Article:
LocoRoco has a very bright, colorful art style to match the whimsical nature of the gameplay. The graphics are simple but effective, making it usually pretty obvious where the player can/needs to go to advance the level. The in-game graphics have been upscaled well to the PS4, with sharp edges and a good use of the color palette.

The only issue with the graphics comes in some of the cutscenes. These were clearly not remade for the PS4 version as they appear grainy and out of focus, likely the result of whatever technique is used to upscale them. And this is on an HD TV, I can imagine it being even worse on a 4K set. Fortunately, these scenes are few and far between and the ‘story’ is hardly necessary, so this does not hamper the game.

… an enjoyable and unique platforming experience …
Like the graphics, LocoRoco mostly uses cheery, upbeat music to fit in with the rest of the game. Most of the songs are stage specific, so the ice themed stages have the same song, for example, but the variety of stage types means the music is also rotated around rather frequently.

The music is all vocalized with what sounds like gibberish language and to tie it in with the gameplay the LocoRoco all sing along to the music and sway to the beat when not moving around. Certain collectibles are tied to having enough LocoRoco in the group, where they will all sing a song to wake up a cloud or barrier. In these cases, the song they sing comes out of the controller speaker, which is a cool touch.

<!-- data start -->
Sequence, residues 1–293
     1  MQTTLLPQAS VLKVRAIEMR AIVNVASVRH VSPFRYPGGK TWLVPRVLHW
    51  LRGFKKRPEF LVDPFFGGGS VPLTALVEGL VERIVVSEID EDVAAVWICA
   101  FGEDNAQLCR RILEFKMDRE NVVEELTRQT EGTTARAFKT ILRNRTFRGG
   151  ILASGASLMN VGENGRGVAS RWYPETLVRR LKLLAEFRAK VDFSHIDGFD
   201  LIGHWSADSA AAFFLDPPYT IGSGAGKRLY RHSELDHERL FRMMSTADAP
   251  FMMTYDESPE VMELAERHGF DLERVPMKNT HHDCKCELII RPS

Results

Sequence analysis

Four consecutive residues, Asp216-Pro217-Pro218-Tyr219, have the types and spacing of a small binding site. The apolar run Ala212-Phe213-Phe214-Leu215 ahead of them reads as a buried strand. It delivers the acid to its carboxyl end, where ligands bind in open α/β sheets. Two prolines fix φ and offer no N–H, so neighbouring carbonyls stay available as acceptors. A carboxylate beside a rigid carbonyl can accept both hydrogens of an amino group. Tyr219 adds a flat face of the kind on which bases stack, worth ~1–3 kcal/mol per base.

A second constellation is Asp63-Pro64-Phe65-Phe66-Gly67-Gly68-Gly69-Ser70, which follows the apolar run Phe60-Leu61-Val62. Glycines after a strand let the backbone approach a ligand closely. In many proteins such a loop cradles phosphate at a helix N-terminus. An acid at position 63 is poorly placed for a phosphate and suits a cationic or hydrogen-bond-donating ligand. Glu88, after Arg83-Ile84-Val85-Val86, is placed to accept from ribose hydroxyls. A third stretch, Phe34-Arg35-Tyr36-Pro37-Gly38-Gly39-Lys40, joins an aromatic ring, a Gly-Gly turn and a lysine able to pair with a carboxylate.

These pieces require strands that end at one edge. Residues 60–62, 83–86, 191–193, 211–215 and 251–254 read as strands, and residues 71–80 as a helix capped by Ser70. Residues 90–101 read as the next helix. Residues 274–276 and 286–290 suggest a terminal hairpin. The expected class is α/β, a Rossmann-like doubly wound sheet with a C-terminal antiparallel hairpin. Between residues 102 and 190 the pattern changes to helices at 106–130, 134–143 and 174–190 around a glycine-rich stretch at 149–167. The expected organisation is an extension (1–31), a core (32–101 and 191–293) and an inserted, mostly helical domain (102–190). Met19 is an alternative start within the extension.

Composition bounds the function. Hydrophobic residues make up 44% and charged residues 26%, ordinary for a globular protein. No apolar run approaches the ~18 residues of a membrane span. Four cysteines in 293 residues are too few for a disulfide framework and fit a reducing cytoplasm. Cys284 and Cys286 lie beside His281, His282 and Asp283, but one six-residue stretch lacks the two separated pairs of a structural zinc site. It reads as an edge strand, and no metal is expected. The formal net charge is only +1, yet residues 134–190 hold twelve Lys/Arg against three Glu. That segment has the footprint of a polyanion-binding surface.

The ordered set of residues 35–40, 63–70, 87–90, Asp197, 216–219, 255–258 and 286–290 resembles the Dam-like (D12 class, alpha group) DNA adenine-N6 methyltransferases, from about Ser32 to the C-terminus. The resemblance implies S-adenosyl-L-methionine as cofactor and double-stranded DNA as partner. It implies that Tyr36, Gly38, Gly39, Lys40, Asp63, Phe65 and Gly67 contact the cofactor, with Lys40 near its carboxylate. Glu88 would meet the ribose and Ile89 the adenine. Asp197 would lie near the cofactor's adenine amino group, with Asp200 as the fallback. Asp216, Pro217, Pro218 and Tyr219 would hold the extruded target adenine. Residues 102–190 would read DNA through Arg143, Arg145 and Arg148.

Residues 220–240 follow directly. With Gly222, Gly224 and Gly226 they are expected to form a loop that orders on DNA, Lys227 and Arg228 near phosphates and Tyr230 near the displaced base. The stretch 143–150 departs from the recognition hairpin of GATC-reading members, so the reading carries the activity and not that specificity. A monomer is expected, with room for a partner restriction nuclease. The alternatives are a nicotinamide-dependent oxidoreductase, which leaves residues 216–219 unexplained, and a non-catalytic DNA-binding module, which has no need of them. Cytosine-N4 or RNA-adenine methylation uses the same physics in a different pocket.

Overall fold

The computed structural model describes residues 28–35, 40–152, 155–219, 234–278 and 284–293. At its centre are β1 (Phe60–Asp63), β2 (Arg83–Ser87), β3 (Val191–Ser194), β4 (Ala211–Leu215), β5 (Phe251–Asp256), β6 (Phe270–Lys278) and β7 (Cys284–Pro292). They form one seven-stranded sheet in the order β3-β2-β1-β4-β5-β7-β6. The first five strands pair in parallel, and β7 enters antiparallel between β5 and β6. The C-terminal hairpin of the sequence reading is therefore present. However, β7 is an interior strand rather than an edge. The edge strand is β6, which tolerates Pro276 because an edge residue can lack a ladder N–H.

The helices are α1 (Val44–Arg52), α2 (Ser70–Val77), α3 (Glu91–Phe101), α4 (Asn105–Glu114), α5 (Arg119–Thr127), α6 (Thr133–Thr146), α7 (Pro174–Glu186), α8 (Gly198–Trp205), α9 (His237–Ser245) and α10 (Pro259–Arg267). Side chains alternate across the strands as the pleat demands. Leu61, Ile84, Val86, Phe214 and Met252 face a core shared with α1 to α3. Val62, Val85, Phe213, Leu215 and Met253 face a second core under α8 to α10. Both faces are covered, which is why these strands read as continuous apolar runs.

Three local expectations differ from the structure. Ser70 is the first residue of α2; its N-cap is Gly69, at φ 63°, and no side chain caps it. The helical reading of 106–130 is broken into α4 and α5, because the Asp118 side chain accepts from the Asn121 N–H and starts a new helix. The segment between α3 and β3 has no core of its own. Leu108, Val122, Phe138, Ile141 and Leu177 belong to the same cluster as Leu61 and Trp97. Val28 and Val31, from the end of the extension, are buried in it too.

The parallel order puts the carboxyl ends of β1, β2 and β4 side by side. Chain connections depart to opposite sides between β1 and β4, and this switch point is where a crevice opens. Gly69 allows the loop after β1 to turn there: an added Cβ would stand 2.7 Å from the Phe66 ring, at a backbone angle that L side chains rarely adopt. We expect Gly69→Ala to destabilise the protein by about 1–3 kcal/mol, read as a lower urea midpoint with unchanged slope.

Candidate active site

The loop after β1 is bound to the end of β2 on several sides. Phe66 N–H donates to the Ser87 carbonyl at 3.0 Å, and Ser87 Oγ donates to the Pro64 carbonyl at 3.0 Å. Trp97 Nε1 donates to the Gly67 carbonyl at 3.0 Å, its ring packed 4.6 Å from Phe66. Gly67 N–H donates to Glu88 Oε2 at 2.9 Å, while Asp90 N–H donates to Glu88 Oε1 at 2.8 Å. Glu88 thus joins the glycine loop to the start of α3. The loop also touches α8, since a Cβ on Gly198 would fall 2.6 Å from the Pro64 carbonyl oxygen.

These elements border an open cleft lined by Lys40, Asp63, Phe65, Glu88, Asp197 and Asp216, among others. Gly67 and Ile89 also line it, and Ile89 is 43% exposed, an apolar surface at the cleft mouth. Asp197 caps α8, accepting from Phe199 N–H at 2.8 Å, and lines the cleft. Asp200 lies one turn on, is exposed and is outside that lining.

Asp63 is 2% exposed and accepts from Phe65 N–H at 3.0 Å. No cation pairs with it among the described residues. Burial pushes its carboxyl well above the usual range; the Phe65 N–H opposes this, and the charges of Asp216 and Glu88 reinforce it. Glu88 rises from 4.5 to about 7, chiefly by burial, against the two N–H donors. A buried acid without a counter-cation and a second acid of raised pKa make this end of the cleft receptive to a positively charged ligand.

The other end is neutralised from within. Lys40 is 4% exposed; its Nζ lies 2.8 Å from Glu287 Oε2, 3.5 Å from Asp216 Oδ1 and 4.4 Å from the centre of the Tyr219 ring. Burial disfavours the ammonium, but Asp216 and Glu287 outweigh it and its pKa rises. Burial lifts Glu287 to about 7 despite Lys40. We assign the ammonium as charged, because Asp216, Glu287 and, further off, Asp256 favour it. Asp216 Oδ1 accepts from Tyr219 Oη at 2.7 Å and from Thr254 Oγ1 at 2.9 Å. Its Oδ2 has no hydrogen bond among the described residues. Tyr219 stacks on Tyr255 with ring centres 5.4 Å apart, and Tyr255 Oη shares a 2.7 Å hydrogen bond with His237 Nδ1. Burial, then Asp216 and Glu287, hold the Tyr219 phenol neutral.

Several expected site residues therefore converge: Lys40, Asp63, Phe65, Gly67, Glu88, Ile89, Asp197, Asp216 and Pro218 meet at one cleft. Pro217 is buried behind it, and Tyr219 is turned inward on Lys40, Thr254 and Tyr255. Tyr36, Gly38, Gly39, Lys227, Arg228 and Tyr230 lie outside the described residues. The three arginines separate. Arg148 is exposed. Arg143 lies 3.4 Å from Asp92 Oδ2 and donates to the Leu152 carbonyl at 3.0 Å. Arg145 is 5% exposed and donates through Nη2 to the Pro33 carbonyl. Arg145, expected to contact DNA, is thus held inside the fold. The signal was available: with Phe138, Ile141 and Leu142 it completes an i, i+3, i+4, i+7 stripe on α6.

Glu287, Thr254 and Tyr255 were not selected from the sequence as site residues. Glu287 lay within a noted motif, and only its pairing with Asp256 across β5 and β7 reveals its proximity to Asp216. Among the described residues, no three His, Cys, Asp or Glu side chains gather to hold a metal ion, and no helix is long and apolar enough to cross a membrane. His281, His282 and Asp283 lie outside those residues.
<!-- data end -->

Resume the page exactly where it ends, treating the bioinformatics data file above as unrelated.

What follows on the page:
This game is one player only with no online component.

All in all, LocoRoco Remastered remains an enjoyable and unique platforming experience. The port doesn’t do much new to the game, aside from the motion controls and adapting it to a larger screen, but the PSP version was so well made that not much was needed.

Perhaps because the game was originally developed with short handheld-sized gaming sessions in mind, I never felt particularly compelled to play for long periods. Usually after just a few levels I’d want to go play something else. But those levels were always a good time and after a little while with another game, I’d get the desire to jump back in and play a few more.

The divide between the relatively easy difficulty ramp and the harder to find/obtain collectibles makes for a game well suited to nearly any gaming skill level. LocoRoco is a good pickup for anyone who wants some quirky platforming on their PS4. Well, unless they have a problem with infectiously cute blob characters, but those people have a whole other issue they need to resolve…


* All screenshots used in this review were taken directly from the game using the Share functionality on the PlayStation 4.

Written by Andy Richardson

Andy Richardson

A longtime PlayStation fan who enjoys JRPGs and rhythm games when he’s not tweeting about his parrot.